FEARGHUS Roulston, a post-graduate Journalism student from Edinburgh Napier, casts an eye over the media stories in the news today…
In a quiet day for media news, the Scottish Daily Express (page 39) reports that STV has upset its viewers by replacing hit sitcom, Benidorm, with a new series of home-grown The Football Years. The ITV comedy, which is said to have attracted six million viewers, UK-wide, last year, is reportedly set to welcome a series of famous names onto its next series, including Bananarama and iconic television presenter, Cilla Black. But the Express quotes a spokeswoman for STV as saying: “From Friday…STV will be showing the second series of The Football Years.”
The Express also speculates that STV have saved millions by choosing not to broadcast hit shows such as Downton Abbey and The Bill. STV and ITV have long-standing legal claims against each other, the latter for supposedly outstanding payments towards the making of UK-wide, network shows.
The Scottish Daily Mail (page 11) also focuses on tension between two broadcasters, reporting that the BBC is “re-igniting its period drama battle with ITV” by giving a new series to popular drama Upstairs, Downstairs. BBC One controller, Danny Cohen, has commissioned a furrther six episodes for the show, which competes with ITV’s Downton Abbey for viewers.
A novel approach to dealing with inaccurate weather forecasts is mentioned in The Scottish Sun (page 34). It claims that the Met Office wants to improve its service by allowing amateur forecasters to post observations and predictions online.
The Scotsman (page 3, meanwhile, continues examining the criticism of TV presenters, Richard Hammond, Jeremy Clarkson and James May, after they mocked Mexicans on their Top Gear car show on the BBC. It understands that the scenes in question will be edited out before the show is broadcast in the United States.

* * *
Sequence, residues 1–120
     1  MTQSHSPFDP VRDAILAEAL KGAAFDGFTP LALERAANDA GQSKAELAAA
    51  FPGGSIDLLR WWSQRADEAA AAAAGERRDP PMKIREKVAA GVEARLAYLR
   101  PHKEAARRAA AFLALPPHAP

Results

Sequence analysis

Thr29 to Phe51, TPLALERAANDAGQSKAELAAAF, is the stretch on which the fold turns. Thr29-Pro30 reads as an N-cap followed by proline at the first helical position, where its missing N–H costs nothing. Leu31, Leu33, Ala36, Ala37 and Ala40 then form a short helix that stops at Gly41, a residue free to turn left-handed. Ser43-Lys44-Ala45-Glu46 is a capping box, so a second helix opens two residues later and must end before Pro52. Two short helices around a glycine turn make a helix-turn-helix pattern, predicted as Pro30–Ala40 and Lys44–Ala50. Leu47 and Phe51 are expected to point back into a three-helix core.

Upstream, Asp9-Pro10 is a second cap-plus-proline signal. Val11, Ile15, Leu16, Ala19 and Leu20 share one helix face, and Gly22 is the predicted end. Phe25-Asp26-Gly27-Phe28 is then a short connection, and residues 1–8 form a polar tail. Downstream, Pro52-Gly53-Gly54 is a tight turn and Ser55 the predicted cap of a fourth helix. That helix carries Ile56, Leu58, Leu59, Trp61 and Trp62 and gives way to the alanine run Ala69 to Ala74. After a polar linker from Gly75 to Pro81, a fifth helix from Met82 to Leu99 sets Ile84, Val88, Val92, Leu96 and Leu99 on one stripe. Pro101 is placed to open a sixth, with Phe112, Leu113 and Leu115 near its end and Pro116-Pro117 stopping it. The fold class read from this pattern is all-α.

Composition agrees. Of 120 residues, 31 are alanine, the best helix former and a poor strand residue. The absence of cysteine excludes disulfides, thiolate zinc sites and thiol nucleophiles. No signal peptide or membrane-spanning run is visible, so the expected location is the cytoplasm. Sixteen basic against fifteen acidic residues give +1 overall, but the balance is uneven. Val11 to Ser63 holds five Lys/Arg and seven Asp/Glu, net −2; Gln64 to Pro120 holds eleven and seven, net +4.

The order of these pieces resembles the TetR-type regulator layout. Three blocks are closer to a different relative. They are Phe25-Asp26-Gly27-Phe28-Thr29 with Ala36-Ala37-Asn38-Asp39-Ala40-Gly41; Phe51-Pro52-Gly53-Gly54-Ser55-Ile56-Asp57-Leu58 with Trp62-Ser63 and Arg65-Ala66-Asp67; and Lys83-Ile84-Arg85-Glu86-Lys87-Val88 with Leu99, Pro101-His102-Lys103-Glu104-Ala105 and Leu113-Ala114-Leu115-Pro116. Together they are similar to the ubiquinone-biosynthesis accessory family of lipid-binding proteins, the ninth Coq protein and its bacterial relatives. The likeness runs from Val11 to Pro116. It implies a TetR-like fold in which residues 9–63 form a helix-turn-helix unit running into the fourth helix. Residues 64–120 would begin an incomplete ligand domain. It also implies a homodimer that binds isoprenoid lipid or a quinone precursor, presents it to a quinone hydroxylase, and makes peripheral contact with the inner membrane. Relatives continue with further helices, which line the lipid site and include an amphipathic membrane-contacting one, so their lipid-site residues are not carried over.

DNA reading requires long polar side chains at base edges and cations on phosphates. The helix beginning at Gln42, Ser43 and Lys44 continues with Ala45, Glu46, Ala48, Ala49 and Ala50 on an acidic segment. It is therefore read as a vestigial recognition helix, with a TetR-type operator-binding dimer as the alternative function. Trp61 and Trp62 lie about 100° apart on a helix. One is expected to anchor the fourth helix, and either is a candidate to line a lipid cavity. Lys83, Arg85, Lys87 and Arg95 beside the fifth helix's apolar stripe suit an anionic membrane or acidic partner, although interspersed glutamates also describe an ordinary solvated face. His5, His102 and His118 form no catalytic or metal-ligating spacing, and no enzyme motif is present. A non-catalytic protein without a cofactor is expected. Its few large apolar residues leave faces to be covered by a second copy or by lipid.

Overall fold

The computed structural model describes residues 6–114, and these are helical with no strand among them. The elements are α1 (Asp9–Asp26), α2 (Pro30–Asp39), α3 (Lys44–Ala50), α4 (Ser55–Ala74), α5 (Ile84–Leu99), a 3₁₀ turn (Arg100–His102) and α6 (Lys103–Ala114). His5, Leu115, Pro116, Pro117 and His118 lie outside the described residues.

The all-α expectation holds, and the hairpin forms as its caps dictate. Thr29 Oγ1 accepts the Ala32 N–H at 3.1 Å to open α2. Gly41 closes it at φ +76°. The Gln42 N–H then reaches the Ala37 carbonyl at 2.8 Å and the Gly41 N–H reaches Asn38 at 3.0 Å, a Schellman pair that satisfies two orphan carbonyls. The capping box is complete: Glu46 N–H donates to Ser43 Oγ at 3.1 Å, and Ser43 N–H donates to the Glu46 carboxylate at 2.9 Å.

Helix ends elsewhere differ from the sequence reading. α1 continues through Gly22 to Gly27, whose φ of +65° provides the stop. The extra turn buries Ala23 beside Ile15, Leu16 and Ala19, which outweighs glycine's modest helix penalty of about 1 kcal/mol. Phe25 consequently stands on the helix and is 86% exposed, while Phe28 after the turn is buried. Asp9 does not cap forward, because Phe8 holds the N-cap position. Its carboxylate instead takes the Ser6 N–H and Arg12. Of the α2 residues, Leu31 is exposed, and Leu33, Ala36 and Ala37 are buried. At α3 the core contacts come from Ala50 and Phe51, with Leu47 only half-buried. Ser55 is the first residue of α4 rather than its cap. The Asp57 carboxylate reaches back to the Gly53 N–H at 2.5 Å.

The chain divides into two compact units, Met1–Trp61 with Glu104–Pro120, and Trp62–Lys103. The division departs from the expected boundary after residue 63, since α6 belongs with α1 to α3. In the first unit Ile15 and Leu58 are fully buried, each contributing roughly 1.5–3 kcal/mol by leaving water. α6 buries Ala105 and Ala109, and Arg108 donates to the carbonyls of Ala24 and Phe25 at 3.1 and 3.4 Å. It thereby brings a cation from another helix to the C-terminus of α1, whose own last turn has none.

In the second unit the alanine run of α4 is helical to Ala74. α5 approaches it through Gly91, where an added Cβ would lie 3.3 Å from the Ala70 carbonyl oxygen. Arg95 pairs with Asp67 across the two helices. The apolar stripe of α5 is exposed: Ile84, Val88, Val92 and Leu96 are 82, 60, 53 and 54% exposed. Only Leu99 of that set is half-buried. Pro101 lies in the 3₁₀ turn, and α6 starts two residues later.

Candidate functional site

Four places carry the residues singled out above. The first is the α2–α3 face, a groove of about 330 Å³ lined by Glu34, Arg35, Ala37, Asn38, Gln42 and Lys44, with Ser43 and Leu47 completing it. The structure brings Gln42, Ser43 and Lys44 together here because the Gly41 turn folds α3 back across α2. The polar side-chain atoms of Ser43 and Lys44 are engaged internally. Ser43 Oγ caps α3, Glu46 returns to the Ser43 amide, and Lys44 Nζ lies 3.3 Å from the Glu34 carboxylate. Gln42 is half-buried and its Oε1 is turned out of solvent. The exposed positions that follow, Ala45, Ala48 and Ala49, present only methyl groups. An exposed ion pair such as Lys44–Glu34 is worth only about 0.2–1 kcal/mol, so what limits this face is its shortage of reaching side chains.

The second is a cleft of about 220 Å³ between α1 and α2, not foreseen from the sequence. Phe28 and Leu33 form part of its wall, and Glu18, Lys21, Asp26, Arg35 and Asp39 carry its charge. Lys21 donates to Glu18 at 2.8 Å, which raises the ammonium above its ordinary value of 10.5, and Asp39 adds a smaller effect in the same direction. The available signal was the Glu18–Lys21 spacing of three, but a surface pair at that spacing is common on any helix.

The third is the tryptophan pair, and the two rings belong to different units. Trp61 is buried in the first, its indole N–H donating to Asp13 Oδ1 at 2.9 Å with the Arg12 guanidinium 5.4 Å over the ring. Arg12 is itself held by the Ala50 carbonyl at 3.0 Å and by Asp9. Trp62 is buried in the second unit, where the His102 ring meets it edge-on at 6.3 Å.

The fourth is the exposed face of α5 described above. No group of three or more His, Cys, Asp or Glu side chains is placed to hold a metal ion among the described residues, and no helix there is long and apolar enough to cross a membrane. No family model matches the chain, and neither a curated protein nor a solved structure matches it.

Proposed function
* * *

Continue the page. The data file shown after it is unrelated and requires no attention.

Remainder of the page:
The controversial presenters joked about Mexican national characteristics, with Hammond stating Mexican cars would be similar to Mexicans: “lazy, feckless, flatulent”. After coming in for criticism from various quarters, including the Mexican ambassador to Britain, the Corporation was forced to apologise for causing offence. The Scotsman reports a spokeswoman for the BBC as saying: “Top Gear episodes are routinely edited for international transmission.”
Elsewhere, Herald columnist, Robert McNeil (page 15), is standing up for Glasgow. Partly because a judge on the TV show, Britain’s Got Talent, has reportedly said the city has ‘no talent; partly because there was a furore last week about the editor of the BBC discussion programme, Question Time, choosing not to relocate from London to Glasgow, where the programme is going to start being made from; and partly because former Sun editor, Kelvin MacKenzie, has apparently described Glaswegians as “freezing cold, miserable people” (page 3).
Finally, The Scotsman (page 13) reports that social networking site, Twitter, is in talks with Google and Facebook over a potential £6.2 billion buyout. It claims that “investors have shown keen interest in social networking services in recent months”.